We’d walk the North Shore cliffs, then into town where most summer shacks, cabins and arcades were shut. It was like being in the theatre when the show was over. That said, the amusements on the North or Central piers had perhaps remained open proving, once again, that those shove-penny and crane-grab-to-bag-a-teddy-bear machines were works of the devil. My dad, not invariably frivolous with the family, coppered up relentlessly. We were never like this at other times. Usually, the parents were clever, hard-working and busy. Then, on summer holidays, there were always other people around – good people, aunts, uncles, grannies, cousins – but other people all the same.
At Blackpool in February, it was just us, and a table for four at the Lobster Pot. We were too posh, too, for takeaways in a bus shelter. So the family ate at the Lobster Pot restaurant. If you’ve never considered breaded plaice with a slice of lemon the most grown-up dish imaginable, you weren’t around in 1960. It came with a pot of tea, bread and butter and, if luck was in, ketchup. Then we’d walk back to the Savoy, quite a trek for tots. But we were out late, shop-fronts splashed light across the darkness, maybe the wind dropped and the rain stopped and my father surged off, a cowboy in search of Indians. And maybe this was the best of times.
So a pattern was set. Winter seaside pleasure persisted and persists. In recent times, I’ve strolled off-season Deauville’s vast beach. Race horses galloped by the water’s edge, as if through a TV advert for deodorant. Sands, sky and possibilities seemed endless. On the Côte-d’Azur, wandering the coastal path round the Cap-d’Antibes – past creeks, grey-green greenery, little beaches and shores of rock – was as intensely agreeable as a winter saunter can be. You get the same views as the billionaires, but for nothing. In town, you may also zip round the Picasso Museum without other visitors blocking your route. I’ve done it in 20 minutes, including five in front of La Joie de Vivre.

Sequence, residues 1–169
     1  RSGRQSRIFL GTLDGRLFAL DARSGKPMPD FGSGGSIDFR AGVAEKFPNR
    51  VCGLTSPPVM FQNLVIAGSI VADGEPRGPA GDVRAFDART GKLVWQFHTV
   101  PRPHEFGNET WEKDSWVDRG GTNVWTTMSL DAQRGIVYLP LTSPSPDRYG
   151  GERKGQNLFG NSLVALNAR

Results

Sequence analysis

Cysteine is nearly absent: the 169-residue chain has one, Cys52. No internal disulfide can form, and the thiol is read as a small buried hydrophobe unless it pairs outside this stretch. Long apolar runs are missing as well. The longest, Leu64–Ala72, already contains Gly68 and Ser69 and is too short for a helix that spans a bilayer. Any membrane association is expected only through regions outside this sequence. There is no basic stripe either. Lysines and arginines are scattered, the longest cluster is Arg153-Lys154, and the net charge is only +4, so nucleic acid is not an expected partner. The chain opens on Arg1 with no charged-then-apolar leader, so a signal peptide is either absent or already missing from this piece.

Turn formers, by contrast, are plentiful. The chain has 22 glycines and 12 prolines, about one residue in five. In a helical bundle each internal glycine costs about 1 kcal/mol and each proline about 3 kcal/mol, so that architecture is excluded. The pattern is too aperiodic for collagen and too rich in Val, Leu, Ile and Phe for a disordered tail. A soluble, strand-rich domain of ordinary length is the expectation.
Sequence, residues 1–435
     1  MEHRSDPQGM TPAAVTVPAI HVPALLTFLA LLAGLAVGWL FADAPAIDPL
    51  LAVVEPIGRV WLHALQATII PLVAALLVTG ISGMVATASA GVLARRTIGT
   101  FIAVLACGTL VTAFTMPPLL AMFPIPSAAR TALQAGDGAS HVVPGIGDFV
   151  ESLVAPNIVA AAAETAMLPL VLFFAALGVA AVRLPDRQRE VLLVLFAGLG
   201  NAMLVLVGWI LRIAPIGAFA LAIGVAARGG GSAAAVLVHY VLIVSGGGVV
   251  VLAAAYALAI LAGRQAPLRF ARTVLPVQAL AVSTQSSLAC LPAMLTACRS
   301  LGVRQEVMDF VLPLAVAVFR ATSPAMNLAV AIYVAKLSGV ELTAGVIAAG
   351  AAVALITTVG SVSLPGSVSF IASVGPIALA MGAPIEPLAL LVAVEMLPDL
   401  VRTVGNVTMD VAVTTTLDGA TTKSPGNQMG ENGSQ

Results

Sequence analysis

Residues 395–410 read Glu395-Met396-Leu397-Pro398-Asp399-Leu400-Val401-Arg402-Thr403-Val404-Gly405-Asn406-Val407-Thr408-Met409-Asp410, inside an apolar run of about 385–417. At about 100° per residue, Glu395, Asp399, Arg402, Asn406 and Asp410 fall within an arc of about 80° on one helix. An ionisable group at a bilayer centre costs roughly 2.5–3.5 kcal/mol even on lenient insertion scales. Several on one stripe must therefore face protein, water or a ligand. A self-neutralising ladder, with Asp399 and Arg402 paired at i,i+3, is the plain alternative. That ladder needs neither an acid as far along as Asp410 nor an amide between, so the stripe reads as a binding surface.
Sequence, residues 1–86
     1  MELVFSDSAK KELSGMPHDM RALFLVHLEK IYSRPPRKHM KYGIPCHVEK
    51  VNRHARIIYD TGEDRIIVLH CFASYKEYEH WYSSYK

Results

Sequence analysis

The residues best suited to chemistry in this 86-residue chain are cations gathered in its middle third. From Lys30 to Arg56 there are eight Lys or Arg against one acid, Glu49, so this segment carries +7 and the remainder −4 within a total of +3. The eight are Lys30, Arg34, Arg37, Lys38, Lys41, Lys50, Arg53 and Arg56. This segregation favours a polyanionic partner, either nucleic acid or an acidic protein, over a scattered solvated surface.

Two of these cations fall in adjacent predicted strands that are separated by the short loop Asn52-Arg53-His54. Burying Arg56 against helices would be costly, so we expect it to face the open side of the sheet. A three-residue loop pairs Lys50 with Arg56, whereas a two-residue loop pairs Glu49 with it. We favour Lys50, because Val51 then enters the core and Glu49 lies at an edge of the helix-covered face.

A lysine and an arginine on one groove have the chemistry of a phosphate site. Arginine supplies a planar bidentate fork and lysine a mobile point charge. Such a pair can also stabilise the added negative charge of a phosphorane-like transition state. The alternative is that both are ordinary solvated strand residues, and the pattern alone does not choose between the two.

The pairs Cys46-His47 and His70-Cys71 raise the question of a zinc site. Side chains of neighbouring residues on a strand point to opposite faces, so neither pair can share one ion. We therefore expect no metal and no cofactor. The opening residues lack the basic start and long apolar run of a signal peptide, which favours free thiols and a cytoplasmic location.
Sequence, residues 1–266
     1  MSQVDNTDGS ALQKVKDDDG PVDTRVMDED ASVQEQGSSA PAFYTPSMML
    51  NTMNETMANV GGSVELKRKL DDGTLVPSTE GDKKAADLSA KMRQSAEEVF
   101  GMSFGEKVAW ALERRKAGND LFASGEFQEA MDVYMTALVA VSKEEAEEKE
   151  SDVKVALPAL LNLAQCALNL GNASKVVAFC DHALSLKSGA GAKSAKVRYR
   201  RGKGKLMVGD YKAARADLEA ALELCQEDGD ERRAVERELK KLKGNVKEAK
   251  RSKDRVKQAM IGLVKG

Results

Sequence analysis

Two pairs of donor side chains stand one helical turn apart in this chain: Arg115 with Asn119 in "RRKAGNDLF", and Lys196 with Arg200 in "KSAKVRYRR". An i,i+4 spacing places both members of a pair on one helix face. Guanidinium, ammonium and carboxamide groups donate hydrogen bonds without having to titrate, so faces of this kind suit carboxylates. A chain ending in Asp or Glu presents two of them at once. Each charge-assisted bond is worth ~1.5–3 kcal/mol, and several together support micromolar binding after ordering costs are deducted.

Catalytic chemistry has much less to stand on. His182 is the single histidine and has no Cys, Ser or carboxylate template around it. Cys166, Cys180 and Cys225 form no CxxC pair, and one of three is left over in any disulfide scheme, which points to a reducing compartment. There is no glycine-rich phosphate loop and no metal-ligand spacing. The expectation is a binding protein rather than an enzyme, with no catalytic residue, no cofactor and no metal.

The Languedoc coast is, though, best, not least because I can be there in half an hour. Unlike the Riviera further east – HQ to high-rollers for 200 years – Languedoc has no tradition of winter tourism. It’s not got much tradition of tourism at all. Only in the 1960s did fishing ports expand, and new-build resorts go up, to entice French holidaymakers from the Spanish costas. Aesthetics weren’t always the prime concern. Some apartment blocks in, say, Palavas, come direct from the fast-buck school of architecture. Cottages are prettier. Villas, too. But, as someone once told me, high-rise apartment blocks ensure that a lot more people get their own slice of paradise.
Anyway, it’s winter now. Shutters down, the stacked-up apartments are in hibernation. The few restaurants and cafés open are delighted to see a visitor, because you’re the only one. There’s a sense of conspiracy afoot. They’ll chat, they’ll serve oysters from the Thau lagoon and Picpoul-de-Pinet wine and the low, late-morning sun will sparkle the water as if announcing the arrival of Shirley Bassey. This coast is dishevelled and so flat that the sea filters inland to create lagoons wherever it pleases. Tailored vineyards, marsh and garrigue scrub country lap round the edges of the holiday towns like Le Grau-du-Roi or St Pierre-sur-Mer.
Campsites are empty, water slides and skeletal roller coasters rise abandoned, and jolly signs are jolly in a void. It’s usual to say that this is melancholic. It is also nonsense. Thousands of holidaymakers had the happiest possible time here last summer, and will again next. Right now, the echoes of that happiness linger, enhancing a hint of privilege. At Palavas, funfairs and crazy golf are on hold. The winter sun outstares everyone. The blues of sea and sky meet at the horizon, remaining as distinct as colours on a flag. And, out of town, mine are the only footprints in the sand. Make that “ours”, if I’m lucky enough to have wife, children and grandchildren with me. The best of times, part 2.